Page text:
There were huge hopes for democracy at the end of the Cold War. But the West has squandered its leadership, leaving the world rudderless.


A Muscovite woman leaves a food store with empty shelves in downtown Moscow, 28 October 1991. (AP Photo/Yuri Romanov)

Below are remarks that News Decoder correspondent Helen Womack delivered on October 17 to a global seminar on democracy, organized by Miss Porter’s School in the United States. News Decoder is partnering with the U.S. high school to bring the seminar series, “The State of Democracy and the Global Impact of the U.S. Presidential Election,” to girls in 21 countries around the world.

For decades, the Soviet Union was America’s mirror. The two superpowers pointed out each other’s defects and competed to match each other’s achievements.

When the United States “won” the Cold War and appeared to be the only superpower left, it stopped seeing itself. Now, if America were to look in the mirror, it would see a rather ugly face — one that its true friends in Europe and Asia hardly recognize.

To understand what has gone wrong with Western democracy, we need to consider the East. What happened to the people in the former Soviet bloc? The Russians and East Europeans, who used to reflect us back to ourselves?

When the Soviet Union collapsed in 1991 and Communism came to an end, the Russians had high hopes for freedom. They saw the capitalist West as a model. Often they would say: “We just want a normal life, like you.” By which they meant they wanted things in the shops.

But the switch to the free market was very painful. The majority of people were plunged into poverty. Teachers became pole dancers and astrophysicists sold cat food on the market.

The West tried to help. True, some Western businessmen went to Russia just to make money, but others had decent motives. I remember an Irishman who opened a supermarket, employing and serving Russians. Sadly, he was robbed of his business by the mafia.

Dictators offered stability.

We all underestimated the huge task of reforming a country that had been under Communism for 70 years. Things went from bad to worse, and the situation became turbulent. People just longed for stability. And so they happily went back into the arms of dictators.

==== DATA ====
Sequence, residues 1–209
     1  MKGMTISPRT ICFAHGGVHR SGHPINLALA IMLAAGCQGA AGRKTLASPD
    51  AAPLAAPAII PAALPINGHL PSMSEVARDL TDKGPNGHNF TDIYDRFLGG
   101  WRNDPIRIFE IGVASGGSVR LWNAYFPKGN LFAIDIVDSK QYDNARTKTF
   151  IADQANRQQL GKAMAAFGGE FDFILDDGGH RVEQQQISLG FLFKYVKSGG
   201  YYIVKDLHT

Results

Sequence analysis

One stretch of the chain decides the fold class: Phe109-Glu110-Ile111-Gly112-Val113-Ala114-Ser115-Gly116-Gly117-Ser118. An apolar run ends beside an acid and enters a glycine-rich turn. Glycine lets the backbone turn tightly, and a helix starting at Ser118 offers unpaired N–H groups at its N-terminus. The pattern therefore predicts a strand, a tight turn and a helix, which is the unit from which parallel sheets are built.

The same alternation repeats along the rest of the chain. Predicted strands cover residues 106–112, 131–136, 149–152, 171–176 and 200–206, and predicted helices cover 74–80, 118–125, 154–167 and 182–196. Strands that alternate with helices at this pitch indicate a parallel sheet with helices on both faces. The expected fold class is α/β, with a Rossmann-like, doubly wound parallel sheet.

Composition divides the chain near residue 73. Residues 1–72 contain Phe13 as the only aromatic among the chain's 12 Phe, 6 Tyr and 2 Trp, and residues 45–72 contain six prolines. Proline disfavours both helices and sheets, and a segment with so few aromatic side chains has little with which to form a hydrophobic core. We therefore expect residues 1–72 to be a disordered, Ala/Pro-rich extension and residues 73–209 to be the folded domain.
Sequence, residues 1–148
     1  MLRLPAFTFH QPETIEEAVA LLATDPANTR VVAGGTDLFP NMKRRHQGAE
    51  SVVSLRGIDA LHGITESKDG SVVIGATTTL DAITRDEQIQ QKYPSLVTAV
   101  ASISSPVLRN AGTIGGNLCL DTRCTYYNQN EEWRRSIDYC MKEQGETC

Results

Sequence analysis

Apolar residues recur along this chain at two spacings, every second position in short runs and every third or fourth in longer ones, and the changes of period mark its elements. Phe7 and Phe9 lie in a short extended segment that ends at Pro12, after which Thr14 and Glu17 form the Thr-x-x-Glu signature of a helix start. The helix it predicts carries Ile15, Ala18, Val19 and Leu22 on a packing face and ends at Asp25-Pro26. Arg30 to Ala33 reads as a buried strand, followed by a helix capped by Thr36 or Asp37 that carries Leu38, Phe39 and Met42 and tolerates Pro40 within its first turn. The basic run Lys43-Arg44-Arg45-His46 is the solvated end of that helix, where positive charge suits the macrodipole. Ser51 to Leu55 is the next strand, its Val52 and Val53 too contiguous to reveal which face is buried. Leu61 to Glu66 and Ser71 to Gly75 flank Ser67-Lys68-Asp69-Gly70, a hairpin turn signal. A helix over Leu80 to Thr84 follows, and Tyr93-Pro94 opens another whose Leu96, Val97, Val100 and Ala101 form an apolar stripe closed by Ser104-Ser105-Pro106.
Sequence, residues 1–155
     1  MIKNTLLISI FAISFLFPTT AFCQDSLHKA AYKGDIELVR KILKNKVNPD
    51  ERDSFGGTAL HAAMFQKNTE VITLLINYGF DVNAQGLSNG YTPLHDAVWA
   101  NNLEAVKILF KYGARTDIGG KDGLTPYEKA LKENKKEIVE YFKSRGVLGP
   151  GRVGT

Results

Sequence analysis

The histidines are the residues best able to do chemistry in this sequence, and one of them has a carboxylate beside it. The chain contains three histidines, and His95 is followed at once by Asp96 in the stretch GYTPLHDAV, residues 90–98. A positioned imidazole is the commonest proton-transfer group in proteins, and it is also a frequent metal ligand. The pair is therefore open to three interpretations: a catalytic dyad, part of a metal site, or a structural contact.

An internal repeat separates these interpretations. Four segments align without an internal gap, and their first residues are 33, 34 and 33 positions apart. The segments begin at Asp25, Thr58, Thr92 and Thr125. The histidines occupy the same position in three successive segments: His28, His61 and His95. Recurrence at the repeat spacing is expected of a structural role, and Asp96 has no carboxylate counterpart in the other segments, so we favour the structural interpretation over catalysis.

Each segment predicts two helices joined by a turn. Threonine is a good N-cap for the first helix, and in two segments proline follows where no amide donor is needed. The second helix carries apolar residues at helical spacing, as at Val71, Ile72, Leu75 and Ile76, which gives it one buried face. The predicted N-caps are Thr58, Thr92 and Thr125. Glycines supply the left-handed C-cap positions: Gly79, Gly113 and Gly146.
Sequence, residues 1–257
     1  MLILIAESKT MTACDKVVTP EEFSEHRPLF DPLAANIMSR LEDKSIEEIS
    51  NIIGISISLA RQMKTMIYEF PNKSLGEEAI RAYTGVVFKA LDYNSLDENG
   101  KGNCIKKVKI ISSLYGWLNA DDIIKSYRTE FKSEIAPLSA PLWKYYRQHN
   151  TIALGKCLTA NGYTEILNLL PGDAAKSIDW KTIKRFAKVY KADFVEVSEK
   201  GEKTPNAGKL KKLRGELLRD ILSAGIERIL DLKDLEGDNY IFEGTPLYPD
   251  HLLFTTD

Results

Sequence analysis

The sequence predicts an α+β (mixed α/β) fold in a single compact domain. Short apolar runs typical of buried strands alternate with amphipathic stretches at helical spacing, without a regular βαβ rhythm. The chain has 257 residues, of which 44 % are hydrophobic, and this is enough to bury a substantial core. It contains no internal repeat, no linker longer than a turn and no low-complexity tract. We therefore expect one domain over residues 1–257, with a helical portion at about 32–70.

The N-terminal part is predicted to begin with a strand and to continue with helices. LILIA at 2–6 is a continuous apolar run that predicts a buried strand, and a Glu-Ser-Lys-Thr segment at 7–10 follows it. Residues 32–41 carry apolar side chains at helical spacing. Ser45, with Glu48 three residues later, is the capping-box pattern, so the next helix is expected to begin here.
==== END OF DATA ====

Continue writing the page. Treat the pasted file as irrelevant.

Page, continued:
In Russia, that was Vladimir Putin. In Belarus, it is Alexander Lukashenko. And even in Hungary and Poland, which joined the European Union, we now see governments proud to call themselves “illiberal.”

Lukashenko has been in power for 26 years. He recently rigged the elections again, and protestors, many of them women, have been demonstrating. But so far to no effect.

Putin has been in power for 20 years, and he is not going anywhere. He has just moved the constitutional goal posts so that potentially he can rule until the year 2036.

This summer, ordinary Russians watched the Black Lives Matter protests in the United States and Britain, and many of them asked: “When are our lives going to start to matter?”

Russians may or may not like Putin, but they can do very little to change the situation. If you oppose him, you are either in exile, in prison or dead. Recently, opposition leader Alexei Navalny was put into a coma by the nerve agent novichok. A German hospital saved his life. The Kremlin said he had poisoned himself as a stunt. Judge for yourself.

The West lost its authority in a fearful world.

So where did things all go wrong with Russia?